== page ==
RFA [PATCH] * lock-and-run.sh: Check for process existence rather than timeout.

Message ID 20191014213545.24627-1-jason@redhat.com
State New
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  • RFA [PATCH] * lock-and-run.sh: Check for process existence rather than timeout.
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Commit Message

Jason Merrill Oct. 14, 2019, 9:35 p.m.
Matthias Klose noted that on less powerful targets, a link might take more
than 5 minutes; he mentions a figure of 3 hours for an LTO link.  So this
patch changes the timeout to a check for whether the locking process still
exists.

Alex, you had a lot of helpful comments when I first wrote this, any thoughts
on this revision?

---
 gcc/lock-and-run.sh | 21 ++++++++++-----------
 1 file changed, 10 insertions(+), 11 deletions(-)


base-commit: aa45db50a034b266c338b55dee1b412178ea84a7
-- 
2.18.1

Comments

Alexandre Oliva Oct. 19, 2019, 4:07 a.m. | #1
Hello, Jason,

On Oct 14, 2019, Jason Merrill <jason@redhat.com> wrote:

> Alex, you had a lot of helpful comments when I first wrote this, any thoughts

> on this revision?


I think the check of the pid file could be made slightly simpler and
cheaper if we created it using:

   echo $$ > $lockdir/pidT && mv $lockdir/pidT $lockdir/pid

instead of

> +touch $lockdir/$$




> +	pid="`(cd $lockdir; echo *)`"


The ""s are implicit in a shell assignment, though there really
shouldn't be more than one PID-named file in the dir.  With the change
suggested above, this would become

        pid=`cat $lockdir/pid 2>/dev/null`

There's a slight possibility of hitting this right between the creation
of the dir and the creation of the pid file, thus the 2>/dev/null.

> +	if ps "$pid" >/dev/null; then


could be tested with much lower overhead:

        if test -z "$pid" || kill -0 $pid ; then

though it might make sense to have a different test and error message
for the case of the absent pid file.

We might also wish to use different lock-breaking logic for that case,
too, e.g. checking that the timestamp of the dir didn't change by
comparing `ls -ld $lockdir` with what we got 30 seconds before.  If it
changed or the output is now empty, we just lost the race again.

It's unlikely that the dir would remain unchanged for several seconds
without the pid file, so if we get the same timestamp after 30 seconds,
it's likely that something went wrong with the lock holder, though it's
not impossible to imagine a scenario in which the lock program that just
succeeded in creating the dir got stopped (^Z) or killed-9 just before
creating the PID file.


Even then, maybe breaking the lock is not such a great idea in
general...

Though mkdir is an operation that forces a synchronization, reading a
file without a filesystem lock isn't.  The rename alleviates that a bit,
but it's not entirely unreasonable for an attempt to read the file to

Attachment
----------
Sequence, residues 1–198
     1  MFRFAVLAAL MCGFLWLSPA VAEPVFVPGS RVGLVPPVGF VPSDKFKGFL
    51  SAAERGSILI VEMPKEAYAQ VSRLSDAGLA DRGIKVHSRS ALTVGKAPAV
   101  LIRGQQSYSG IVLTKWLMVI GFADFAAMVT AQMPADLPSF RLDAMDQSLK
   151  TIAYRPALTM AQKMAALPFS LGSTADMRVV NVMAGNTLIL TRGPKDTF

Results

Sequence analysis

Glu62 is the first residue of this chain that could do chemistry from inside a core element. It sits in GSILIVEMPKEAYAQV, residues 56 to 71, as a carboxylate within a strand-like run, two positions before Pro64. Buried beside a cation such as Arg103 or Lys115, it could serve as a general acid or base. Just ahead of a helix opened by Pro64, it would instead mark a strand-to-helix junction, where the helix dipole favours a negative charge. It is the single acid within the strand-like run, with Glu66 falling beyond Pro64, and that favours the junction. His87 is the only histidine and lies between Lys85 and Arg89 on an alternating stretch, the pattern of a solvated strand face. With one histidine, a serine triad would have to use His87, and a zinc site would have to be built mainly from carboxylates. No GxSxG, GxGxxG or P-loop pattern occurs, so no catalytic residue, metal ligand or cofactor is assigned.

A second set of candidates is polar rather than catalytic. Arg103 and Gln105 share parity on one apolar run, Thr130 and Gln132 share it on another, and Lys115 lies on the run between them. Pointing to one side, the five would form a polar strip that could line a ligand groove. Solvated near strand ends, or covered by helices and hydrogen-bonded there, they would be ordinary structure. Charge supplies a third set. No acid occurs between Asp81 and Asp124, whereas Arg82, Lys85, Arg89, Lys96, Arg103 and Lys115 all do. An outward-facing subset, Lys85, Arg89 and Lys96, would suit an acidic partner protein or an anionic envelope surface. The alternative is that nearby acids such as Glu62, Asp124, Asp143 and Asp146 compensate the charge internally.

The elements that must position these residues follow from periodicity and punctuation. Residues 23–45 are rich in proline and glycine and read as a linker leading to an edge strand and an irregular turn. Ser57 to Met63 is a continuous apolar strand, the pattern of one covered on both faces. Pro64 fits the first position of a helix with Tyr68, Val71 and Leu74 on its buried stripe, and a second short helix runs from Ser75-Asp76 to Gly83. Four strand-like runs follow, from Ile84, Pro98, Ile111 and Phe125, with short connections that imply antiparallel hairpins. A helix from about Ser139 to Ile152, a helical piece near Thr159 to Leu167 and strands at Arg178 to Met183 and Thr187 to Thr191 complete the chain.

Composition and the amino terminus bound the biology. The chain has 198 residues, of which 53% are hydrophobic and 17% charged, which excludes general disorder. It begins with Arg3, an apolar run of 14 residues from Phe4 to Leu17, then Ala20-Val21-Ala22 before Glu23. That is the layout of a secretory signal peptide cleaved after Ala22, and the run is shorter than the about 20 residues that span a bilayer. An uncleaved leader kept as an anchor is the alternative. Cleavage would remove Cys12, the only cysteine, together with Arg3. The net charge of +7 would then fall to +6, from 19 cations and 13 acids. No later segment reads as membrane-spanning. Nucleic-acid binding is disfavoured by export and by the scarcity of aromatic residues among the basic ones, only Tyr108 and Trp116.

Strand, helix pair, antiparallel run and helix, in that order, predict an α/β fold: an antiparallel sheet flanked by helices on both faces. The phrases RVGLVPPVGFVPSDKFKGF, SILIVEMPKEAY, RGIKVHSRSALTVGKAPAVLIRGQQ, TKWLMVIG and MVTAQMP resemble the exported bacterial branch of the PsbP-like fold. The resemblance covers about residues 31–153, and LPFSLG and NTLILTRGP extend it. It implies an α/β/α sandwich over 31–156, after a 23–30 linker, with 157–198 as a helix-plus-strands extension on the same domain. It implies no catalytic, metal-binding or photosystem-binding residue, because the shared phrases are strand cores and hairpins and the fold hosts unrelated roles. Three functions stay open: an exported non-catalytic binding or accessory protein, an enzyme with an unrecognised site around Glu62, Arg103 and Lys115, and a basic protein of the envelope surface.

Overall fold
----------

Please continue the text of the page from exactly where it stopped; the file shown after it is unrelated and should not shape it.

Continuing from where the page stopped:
cache the absence of the file and not notice a creation shortly
afterward.  This would be a lot more of an issue in case of contention
for the lock between different clients of a shared networked filesystem,
though we might imagine highly parallel systems to eventually hit such
issues as well.

But just the possibility of contention across a shared network
filesystem would give me pause, out of realizing that checking for a
local process with the same PID would do no good.  And then, kill -0
would not succeed if the lock holder was started by a different user,
unlike ps.

What if we printed an error message suggesting the command to clean up,
and then errored out, instead of retrying forever or breaking the lock
and proceeding?  Several programs that rely on lock files (git and svn
come to mind) seem to be taking such an approach these days, presumably
because of all the difficulties in automating the double-checking in all
potential scenarios.

-- 
Alexandre Oliva, freedom fighter  he/him   https://FSFLA.org/blogs/lxo
Be the change, be Free!        FSF VP & FSF Latin America board member
GNU Toolchain Engineer                        Free Software Evangelist
Hay que enGNUrecerse, pero sin perder la terGNUra jamás - Che GNUevara
Jason Merrill Oct. 21, 2019, 4:33 p.m. | #2
On 10/21/19 11:35 AM, Jason Merrill wrote:
> On Sat, Oct 19, 2019 at 12:08 AM Alexandre Oliva <oliva@gnu.org 

> <mailto:oliva@gnu.org>> wrote:

> 

>     Hello, Jason,

> 

>     On Oct 14, 2019, Jason Merrill <jason@redhat.com

>     <mailto:jason@redhat.com>> wrote:

> 

>      > Alex, you had a lot of helpful comments when I first wrote this,

>     any thoughts

>      > on this revision?

> 

>     I think the check of the pid file could be made slightly simpler and

>     cheaper if we created it using:

> 

>         echo $$ > $lockdir/pidT && mv $lockdir/pidT $lockdir/pid

> 

>     instead of

> 

>      > +touch $lockdir/$$

> 

> 

> 

>      > +     pid="`(cd $lockdir; echo *)`"

> 

>     The ""s are implicit in a shell assignment, though there really

>     shouldn't be more than one PID-named file in the dir.  With the change

>     suggested above, this would become

> 

>              pid=`cat $lockdir/pid 2>/dev/null`

> 

> 

> Done.

> 

>     There's a slight possibility of hitting this right between the creation

>     of the dir and the creation of the pid file, thus the 2>/dev/null.

> 

>      > +     if ps "$pid" >/dev/null; then

> 

>     could be tested with much lower overhead:

> 

>              if test -z "$pid" || kill -0 $pid ; then

> 

> 

> Done

> 

>     though it might make sense to have a different test and error message

>     for the case of the absent pid file.

>